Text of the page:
Jean: The ‘build-an-accessory’ idea was Diamond’s and I think it is awesome. From a fan standpoint it allows us to make oversize accessories that are iconic elements of the shows. It also adds a buying incentive for collector’s to pick up the whole set. Having said that, they have to be sized and decorated within certain cost parameters to make them a reasonable addition to each of the blisters. These things are very expensive to produce so in order to get them out to fans, compromises have to be made.

There are plenty of examples of companies promising the moon on some insanely expensive product and then having it slip below the radar because of unrealistic costing for production. Within my team of artists I have guys that specialize in fabrication (or, a more mechanical form of sculpting) for vehicles, weapons and architectural elements. I’ve begun doing more of it myself, for instance the (DC Direct) World of Warcraft Gnome Mechanostryder as well as the weapons for my Warcraft figures. Figural and accessory sculpting each have elements which I enjoy doing, again because I prefer to have variety in my workload.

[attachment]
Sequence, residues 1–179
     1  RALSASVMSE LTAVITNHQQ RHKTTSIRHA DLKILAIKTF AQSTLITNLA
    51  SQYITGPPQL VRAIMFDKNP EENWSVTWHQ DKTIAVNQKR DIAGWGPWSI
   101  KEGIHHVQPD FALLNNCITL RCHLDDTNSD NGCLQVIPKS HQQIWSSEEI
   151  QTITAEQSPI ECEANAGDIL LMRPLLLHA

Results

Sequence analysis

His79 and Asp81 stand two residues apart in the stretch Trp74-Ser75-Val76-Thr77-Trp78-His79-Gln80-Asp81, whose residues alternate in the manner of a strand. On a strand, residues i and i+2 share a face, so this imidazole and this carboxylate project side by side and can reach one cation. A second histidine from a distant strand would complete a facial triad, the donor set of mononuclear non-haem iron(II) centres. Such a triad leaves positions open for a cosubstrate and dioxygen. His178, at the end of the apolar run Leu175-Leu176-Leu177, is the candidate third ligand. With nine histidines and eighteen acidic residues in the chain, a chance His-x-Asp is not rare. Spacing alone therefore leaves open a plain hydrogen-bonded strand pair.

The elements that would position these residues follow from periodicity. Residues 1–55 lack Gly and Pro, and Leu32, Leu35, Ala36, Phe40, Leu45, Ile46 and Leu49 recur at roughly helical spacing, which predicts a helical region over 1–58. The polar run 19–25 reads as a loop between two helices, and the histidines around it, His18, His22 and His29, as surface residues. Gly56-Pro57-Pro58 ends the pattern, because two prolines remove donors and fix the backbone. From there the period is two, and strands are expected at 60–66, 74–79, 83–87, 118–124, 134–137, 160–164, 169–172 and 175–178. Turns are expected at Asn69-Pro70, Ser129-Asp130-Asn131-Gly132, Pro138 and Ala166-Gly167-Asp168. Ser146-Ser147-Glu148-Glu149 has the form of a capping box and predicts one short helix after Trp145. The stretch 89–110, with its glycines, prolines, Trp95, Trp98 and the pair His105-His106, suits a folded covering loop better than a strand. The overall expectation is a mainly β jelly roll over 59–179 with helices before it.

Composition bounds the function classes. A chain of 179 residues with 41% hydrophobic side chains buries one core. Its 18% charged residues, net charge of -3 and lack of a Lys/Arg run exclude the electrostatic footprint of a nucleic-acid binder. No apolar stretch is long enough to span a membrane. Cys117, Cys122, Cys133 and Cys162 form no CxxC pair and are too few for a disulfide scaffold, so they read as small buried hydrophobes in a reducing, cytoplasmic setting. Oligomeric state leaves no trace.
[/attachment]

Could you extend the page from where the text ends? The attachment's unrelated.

PCZ: Has there been an instance where the final packaged product has drastically differed from your original sculpt? What is your reaction to this and how much control do you have over the finished product?

Jean: Rarely does a final PVC toy look like a hand painted prototype. In fact, never does the final product nail the prototype. Concessions have to be made for cost and for practicality of reproduction. Because I understand this, I generally expect to be underwhelmed, though I’m mostly pleasantly surprised. That’s not negativity, it’s just practicality. However, McFarlane has made some amazing innovations in the production process that have completely changed the look of the average action figure. They have forced everyone else to pick up their game. The average collector is much more discriminating and savvy of the production process.

PCZ: Not many fans know that you are also an accomplished musician with a degree in classical piano. To what extent does music influence your sculpting work (or vice versa)?